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    Default Analysis of the Perfect Smash!

    Can someone tell me about the smash?

    There are Smashes and there are !SMASHES!...

    I've been courtside with some high level players and every time they strike or hit the shuttle it sounds like a circus master cracking a whip (That cracking sound!) or like a explosive gunshot!..(That explosive sound!)

    At that moment when the racquet strikes the shuttle is it?


    Stringbed Tension that causes that sound ?

    Is it a Hit or a Whipping action that causes that sound?

    Is it pure power?

    Is it Wrist + Power?

    Is it Wrist + power + timing?

    Is it Wrist + power + timing + good footwork?

    Any thoughts on this? Any feedback from national /international players/coaches would be greatly appreciated ?

    PS You hear that sound when a good/strong player jump/smashes properly!

    and you know that 80% of the time if the opponent hasn't anticipated or read it.. it is not coming back!

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    Quote Originally Posted by aheron147 View Post
    Is it pure power?

    Is it Wrist + Power?

    Is it Wrist + power + timing?

    Is it Wrist + power + timing + good footwork?
    1. no need to double open thread
    2. same old question
    3. to your question, the answer is yes all the above......

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    Badminton is preety different than the other sport.Power as in muscles n body size doesn't really matter in badminton smashes.As u can see,for example:LCW,PG,TH,etc..they have average body n some of them r even skinny,n none of them really has the bulk of muscles like any other sports atheletes.Somehow,their smashes r scary.Not just them.I have some friends,which is skinny,small arm,etc but their smashes r more powerful than other ppl that's bigger than him.Really,being big,muscular in this sport doesn't really help alot.

    As i know,perfect smash as in the "most powerful smash" done by a player,is when he got the best position,n he/she can tranfer his/her biggest power at that per second moment.Get urself into the best position to launch the smash,then combine the power transfer from lower to upper body part(esp when jump smashing),body rotation,wrist power,arm power,swinging speed,swinging angle n maintain a good distance between the racket n the shuttle,to transfer ur utmost power for that one hit at the per second moment,at the sweet spot point of ur racket,combined with the decent string tension..there u go,"boooommmm".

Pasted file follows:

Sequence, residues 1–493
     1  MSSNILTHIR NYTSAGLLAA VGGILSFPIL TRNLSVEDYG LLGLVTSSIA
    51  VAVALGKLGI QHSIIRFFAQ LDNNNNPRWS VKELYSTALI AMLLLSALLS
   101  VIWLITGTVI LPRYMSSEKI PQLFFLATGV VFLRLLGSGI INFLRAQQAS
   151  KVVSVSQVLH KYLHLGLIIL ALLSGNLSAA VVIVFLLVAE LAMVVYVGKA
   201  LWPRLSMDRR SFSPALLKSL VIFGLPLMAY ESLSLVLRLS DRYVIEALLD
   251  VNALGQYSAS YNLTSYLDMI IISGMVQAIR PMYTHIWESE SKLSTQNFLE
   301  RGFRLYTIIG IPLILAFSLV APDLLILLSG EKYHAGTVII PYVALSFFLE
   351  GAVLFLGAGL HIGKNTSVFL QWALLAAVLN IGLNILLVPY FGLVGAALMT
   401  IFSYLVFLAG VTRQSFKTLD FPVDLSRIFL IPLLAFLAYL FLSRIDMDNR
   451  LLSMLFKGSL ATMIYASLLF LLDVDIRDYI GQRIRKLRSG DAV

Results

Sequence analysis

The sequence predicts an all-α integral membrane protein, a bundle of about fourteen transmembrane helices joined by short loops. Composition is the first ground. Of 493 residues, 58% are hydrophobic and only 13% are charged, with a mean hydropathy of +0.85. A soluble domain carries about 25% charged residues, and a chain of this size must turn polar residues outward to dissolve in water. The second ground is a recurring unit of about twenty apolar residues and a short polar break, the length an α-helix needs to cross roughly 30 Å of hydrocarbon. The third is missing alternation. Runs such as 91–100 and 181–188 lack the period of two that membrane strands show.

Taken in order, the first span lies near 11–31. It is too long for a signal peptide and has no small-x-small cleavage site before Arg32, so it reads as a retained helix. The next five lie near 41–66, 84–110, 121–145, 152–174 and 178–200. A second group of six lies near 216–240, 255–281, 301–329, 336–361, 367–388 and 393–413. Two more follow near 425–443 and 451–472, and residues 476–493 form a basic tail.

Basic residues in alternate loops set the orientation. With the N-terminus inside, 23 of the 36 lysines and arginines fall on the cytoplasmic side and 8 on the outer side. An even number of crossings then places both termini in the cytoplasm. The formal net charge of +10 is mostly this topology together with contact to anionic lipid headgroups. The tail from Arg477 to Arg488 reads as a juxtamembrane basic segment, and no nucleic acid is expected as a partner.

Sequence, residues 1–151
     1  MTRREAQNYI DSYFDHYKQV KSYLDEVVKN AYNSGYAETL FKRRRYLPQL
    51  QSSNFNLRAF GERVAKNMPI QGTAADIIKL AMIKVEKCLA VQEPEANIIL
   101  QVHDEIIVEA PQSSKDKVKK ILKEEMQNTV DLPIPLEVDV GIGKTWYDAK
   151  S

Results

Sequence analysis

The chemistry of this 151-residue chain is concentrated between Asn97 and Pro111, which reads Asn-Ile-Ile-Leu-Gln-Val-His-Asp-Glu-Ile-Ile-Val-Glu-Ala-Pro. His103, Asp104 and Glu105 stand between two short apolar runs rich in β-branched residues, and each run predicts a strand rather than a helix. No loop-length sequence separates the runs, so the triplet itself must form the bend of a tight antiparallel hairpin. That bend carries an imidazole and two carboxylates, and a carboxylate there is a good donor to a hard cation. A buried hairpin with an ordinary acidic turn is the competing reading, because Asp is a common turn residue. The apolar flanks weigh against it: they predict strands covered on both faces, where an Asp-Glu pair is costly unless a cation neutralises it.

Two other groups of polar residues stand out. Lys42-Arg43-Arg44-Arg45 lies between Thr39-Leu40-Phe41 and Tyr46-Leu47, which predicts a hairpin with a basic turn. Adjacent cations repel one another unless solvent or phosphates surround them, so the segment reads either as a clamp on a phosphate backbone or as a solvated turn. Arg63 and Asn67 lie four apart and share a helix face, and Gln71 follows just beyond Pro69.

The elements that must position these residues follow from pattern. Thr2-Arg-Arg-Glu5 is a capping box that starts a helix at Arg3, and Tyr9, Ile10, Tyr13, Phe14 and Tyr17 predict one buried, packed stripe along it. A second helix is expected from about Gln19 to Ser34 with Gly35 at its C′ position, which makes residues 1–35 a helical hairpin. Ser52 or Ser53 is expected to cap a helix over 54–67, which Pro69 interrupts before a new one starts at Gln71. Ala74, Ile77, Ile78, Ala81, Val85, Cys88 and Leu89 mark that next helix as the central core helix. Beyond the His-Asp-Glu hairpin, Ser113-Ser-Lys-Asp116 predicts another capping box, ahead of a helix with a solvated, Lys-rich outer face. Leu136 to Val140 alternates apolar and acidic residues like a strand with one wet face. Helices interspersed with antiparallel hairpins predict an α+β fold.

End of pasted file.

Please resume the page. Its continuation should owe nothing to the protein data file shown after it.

Last edited by Smichz; 01-30-2008 at 07:35 AM.

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    Yep, the answer is all of the above. Plus one more.


    Years and years and years of rigorous practice.

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    Quote Originally Posted by aheron147 View Post
    Can someone tell me about the smash?

    There are Smashes and there are !SMASHES!...

    I've been courtside with some high level players and every time they strike or hit the shuttle it sounds like a circus master cracking a whip (That cracking sound!) or like a explosive gunshot!..(That explosive sound!)

    At that moment when the racquet strikes the shuttle is it?


    Stringbed Tension that causes that sound ?

    Is it a Hit or a Whipping action that causes that sound?

    Is it pure power?

    Is it Wrist + Power?

    Is it Wrist + power + timing?

    Is it Wrist + power + timing + good footwork?

    Any thoughts on this? Any feedback from national /international players/coaches would be greatly appreciated ?

    PS You hear that sound when a good/strong player jump/smashes properly!

    and you know that 80% of the time if the opponent hasn't anticipated or read it.. it is not coming back!
    Didn't I tell you to do a search before you start another thread? And to answer your question, it's all of that.

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    Default The Perfect Smash

    Quote Originally Posted by aheron147 View Post
    Can someone tell me about the smash?

    There are Smashes and there are !SMASHES!...

    I've been courtside with some high level players and every time they strike or hit the shuttle it sounds like a circus master cracking a whip (That cracking sound!) or like a explosive gunshot!..(That explosive sound!)
    The perfect smash (and Butch Oreta teaches this in "Advanced Badminton Techniques" which is available at http://instructoons.com/book) happens when you do the following:
    Wind-up:
    1. weight shifts to back foot, full shoulder turn, slight hip turn, arms form box
    2. wrist full cock (racket head points down)
    3. you can also slightly change racket grip clockwise (if you're right-handed) to avoid slicing the smash

    Smash:
    1. Hip unwinds and thrusts, shoulder unwinds, arm swings
    2. Elbow is thrown at shuttle, elbow locks, and forearm is thrown